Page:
If you eat pre-made sandwiches from gas stations, you now have something to worry about besides your apparent lack of sophistication.
For the second time this year, Chicago-based Flying Food Group has recalled processed meat products because of Listeria monocytogenes concerns, according to Food Safety News.
The company has warned that the chicken quarter pounder, chicken quarter pounder with tomatoes, ham quarter pounder, ham quarter pounder with tomatoes, and American subs — sold at RaceTrac gas stations in Georgia — might be contaminated with the deadly bacterium. These particular items come from the company’s Lawrenceville, Georgia, factory.
The sandwiches have a November 30 expiration date so they’re probably still on convenience-store shelves (next to the mold-growing pickled eggs and dust-gathering circus peanuts).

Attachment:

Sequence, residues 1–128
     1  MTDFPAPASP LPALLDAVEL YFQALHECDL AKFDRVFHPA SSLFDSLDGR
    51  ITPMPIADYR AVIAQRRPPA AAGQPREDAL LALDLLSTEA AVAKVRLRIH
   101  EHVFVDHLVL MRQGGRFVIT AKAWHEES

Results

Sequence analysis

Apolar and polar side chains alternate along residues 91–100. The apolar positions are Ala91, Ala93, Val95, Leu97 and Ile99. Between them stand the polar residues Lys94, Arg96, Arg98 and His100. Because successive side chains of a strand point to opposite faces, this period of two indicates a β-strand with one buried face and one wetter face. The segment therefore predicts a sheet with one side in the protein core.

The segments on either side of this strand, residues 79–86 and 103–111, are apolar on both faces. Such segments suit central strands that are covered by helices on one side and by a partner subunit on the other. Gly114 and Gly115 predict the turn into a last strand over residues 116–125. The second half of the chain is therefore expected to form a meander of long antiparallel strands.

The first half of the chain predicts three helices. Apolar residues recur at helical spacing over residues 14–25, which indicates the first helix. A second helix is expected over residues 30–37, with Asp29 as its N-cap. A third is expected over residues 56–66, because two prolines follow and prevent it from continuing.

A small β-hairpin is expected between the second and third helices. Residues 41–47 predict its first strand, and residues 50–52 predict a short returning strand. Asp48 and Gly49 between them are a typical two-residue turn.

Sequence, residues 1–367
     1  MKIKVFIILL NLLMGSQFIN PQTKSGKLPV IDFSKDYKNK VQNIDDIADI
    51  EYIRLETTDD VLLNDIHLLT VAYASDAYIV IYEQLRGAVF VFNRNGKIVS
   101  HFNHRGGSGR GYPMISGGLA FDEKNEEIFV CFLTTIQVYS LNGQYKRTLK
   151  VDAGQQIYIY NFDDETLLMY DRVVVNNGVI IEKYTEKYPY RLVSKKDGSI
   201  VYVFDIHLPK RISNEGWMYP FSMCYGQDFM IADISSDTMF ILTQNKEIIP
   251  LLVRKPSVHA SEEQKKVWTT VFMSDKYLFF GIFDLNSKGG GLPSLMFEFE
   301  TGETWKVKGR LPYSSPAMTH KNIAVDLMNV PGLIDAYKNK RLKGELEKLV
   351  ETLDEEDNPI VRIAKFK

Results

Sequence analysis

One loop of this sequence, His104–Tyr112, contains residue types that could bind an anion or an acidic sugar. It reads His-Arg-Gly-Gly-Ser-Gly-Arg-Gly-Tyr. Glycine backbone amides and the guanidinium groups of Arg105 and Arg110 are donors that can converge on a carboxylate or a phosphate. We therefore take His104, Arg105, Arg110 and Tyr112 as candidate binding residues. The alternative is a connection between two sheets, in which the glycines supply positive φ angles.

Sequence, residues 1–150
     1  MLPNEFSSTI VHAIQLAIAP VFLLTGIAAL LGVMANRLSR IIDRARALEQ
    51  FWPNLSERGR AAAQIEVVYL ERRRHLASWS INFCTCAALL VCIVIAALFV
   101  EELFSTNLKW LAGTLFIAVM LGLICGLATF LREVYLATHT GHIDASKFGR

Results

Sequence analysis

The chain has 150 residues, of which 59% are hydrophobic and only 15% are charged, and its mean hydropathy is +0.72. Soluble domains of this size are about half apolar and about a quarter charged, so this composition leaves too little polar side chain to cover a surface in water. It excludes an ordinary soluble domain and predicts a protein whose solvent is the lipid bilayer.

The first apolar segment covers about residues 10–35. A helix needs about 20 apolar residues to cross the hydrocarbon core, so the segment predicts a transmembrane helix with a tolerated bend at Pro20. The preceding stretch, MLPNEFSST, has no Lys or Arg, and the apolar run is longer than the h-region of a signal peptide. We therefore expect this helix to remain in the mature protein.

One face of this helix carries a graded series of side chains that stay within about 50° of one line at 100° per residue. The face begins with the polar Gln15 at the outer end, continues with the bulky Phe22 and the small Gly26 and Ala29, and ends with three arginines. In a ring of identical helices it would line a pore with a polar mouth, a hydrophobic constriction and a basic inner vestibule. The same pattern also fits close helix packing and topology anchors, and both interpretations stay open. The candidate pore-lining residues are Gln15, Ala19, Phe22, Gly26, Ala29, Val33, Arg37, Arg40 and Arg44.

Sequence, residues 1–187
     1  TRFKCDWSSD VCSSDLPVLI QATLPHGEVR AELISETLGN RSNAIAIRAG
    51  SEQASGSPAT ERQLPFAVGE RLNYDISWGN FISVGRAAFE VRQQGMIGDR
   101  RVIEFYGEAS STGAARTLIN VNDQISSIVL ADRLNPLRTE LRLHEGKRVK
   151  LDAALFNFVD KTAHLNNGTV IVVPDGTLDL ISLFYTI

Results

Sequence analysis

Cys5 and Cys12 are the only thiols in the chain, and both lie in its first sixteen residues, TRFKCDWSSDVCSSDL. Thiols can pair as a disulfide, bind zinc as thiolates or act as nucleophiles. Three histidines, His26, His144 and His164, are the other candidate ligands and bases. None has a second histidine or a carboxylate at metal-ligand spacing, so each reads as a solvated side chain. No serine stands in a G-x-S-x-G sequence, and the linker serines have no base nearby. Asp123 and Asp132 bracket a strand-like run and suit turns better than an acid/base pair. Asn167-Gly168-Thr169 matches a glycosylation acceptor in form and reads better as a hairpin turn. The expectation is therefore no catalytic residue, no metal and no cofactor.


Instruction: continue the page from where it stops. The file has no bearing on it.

A RaceTrac spokeswoman just contacted Fork in the Road and assured that the sandwiches had been removed from the chain’s stores before the recall even took place. The gas giant has also cut off all ties with the Illinois company and will no longer stock its products, she said.
In July, Flying recalled some 240 pounds of chicken used in Starbucks bistro boxes. The conglomerate later broadened the recall, warning that an additional 6,901 pounds of chicken, turkey, beef and pork products — found in the coffee chain’s wraps and salads — could also be tainted with Listeria.
In an unrelated incident earlier this year, bad cantaloupes caused the deadliest Listeria outbreak in U.S. history, with 29 reported deaths, Reuters notes. Listeria can cause severe brain and spine swelling, and is the third-deadliest form of food-borne disease in America. Salmonella still tops the list.
This article from the Village Voice Archive was posted on December 5, 2011